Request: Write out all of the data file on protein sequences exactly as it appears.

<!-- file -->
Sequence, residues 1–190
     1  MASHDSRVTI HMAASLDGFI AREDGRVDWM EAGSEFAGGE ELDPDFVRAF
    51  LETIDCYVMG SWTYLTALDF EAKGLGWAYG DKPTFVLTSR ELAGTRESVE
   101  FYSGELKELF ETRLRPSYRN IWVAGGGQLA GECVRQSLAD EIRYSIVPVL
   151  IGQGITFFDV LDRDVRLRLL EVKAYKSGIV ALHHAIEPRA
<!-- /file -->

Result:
Sequence, residues 1–190
     1  MASHDSRVTI HMAASLDGFI AREDGRVDWM EAGSEFAGGE ELDPDFVRAF
    51  LETIDCYVMG SWTYLTALDF EAKGLGWAYG DKPTFVLTSR ELAGTRESVE
   101  FYSGELKELF ETRLRPSYRN IWVAGGGQLA GECVRQSLAD EIRYSIVPVL
   151  IGQGITFFDV LDRDVRLRLL EVKAYKSGIV ALHHAIEPRA